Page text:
Cancers that begin in cells of the lymph system are referred to as malignant lymphomas. The lymph system includes the spleen, thymus, tonsils, bone marrow, lymph nodes and circulating white blood cells called lymphocytes. Lymphocytes and the lymph system are part of the immune system that protects the body from disease and infection. Cancers of the lymph system are referred to as Hodgkin’s lymphoma or non-Hodgkin’s lymphoma.
Understanding treatment of lymphoma is fairly complicated because patients must know the correct histologic diagnosis and the stage of their lymphoma. Histologic classification of non-Hodgkin lymphomas has undergone considerable changes that can lead to confusion for patients and doctors. In order to learn about treatment options, patients need to know the answers to the following questions:
- Is the lymphoma classified as Hodgkin or non-Hodgkin lymphoma?
- If it is non-Hodgkin lymphoma, what kind (histologic type) of non-Hodgkin lymphoma is it?
- What is the stage or extent of spread of the lymphoma?
In order to understand the best treatment options available for lymphoma, it is important to determine the stage or where the cancer has spread in the body. All new treatment information is categorized and discussed by the stage, or extent, of the disease. Determining the extent of spread or the stage of the cancer requires a number of procedures including computerized tomography (CT) and/or Magnetic resonance imaging (MRI) scans and blood tests. The goal of staging lymphoma is to determine which patients have early and which have advanced stage cancer.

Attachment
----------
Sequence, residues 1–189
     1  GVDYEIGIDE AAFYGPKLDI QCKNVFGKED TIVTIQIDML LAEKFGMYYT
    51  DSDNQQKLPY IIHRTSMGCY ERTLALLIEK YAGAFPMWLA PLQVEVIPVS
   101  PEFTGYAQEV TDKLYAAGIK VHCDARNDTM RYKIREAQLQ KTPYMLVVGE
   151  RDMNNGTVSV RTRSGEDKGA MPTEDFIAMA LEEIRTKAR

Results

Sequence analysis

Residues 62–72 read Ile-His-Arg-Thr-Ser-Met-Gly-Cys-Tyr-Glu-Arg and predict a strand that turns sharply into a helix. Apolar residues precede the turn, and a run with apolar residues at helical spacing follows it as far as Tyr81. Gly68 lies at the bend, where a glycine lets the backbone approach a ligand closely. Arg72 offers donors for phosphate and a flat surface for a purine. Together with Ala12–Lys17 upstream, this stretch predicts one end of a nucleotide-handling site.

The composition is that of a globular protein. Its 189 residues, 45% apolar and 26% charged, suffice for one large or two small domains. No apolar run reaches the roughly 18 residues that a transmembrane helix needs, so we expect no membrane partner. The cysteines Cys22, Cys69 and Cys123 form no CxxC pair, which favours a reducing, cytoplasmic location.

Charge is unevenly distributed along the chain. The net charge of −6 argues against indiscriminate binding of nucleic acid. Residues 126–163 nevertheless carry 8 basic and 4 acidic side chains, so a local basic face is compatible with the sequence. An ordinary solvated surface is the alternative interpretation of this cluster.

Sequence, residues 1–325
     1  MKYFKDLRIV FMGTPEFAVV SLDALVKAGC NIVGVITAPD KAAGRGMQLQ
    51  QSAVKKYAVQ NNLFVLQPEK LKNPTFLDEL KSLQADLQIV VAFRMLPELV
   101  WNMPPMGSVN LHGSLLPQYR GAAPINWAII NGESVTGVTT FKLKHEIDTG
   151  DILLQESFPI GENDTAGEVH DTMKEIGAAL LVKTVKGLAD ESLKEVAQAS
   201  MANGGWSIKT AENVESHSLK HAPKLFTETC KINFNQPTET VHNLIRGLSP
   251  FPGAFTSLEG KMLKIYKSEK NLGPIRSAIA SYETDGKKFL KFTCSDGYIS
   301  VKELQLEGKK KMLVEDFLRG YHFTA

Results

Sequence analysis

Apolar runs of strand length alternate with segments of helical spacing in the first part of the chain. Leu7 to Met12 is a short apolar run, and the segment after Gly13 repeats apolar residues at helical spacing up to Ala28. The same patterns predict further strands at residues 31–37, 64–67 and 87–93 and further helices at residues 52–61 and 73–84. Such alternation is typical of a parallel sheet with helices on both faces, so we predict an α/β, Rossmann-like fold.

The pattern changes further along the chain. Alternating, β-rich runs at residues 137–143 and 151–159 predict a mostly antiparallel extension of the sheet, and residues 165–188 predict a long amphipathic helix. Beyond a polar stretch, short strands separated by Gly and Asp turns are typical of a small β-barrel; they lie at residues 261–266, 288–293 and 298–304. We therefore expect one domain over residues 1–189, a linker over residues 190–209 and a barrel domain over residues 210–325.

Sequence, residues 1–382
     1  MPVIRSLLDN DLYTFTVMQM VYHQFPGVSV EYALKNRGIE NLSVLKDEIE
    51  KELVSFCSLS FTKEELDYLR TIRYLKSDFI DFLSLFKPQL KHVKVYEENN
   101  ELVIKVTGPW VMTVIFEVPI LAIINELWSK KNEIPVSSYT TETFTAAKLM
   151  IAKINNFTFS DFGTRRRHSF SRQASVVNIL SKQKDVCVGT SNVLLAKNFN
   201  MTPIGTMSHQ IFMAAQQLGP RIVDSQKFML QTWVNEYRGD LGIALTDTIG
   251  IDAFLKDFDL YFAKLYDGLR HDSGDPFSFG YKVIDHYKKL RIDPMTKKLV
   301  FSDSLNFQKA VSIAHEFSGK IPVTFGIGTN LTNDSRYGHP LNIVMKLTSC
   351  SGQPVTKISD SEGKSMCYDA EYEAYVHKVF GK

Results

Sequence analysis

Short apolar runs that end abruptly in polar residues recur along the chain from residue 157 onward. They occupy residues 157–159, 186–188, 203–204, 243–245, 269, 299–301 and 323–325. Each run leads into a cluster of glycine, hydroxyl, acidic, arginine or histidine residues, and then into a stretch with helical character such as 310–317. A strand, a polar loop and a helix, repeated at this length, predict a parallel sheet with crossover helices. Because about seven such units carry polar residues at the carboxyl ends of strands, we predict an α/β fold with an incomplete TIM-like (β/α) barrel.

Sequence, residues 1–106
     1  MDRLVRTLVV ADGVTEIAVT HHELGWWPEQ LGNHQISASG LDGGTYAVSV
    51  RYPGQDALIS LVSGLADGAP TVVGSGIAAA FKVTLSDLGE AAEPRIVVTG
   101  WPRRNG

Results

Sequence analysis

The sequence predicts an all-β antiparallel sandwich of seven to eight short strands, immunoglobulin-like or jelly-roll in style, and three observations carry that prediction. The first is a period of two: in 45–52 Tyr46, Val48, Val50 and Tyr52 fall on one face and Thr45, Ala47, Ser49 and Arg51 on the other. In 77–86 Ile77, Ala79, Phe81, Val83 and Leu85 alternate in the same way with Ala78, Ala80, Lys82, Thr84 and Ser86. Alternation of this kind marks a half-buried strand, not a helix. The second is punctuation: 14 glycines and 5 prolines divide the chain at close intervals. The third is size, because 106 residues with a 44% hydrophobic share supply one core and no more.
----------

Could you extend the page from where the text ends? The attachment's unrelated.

Stage I: Cancer is found only in a single lymph node, in the area immediately surrounding that node, or in a single organ.
Stage II: Cancer involves more than one lymph node area on one side of the diaphragm (the breathing muscle separating the abdomen from the chest).
Stage III: The cancer involves lymph node regions above and below the diaphragm. For example, there may be swollen lymph nodes under the arm and in the abdomen.
Stage IV: Cancer involves one or more organs outside the lymph system or a single organ and a distant lymph node site.
In some patients, the lymphoma may grow out of the lymph system into adjacent organs. This is referred to as extranodal extension and designated by an “E” following the stage. For example, a stage II lymphoma that extended into the lungs would be referred to as stage IIE.
Patients with malignant lymphoma may also experience general symptoms from their disease. Patients with fever, night sweats or significant weight loss are said to have “B” symptoms. If these specific symptoms are not present, patients are further classified as “A”.
Relapsed/Refractory: The cancer has persisted or returned (recurred/relapsed) following treatment.
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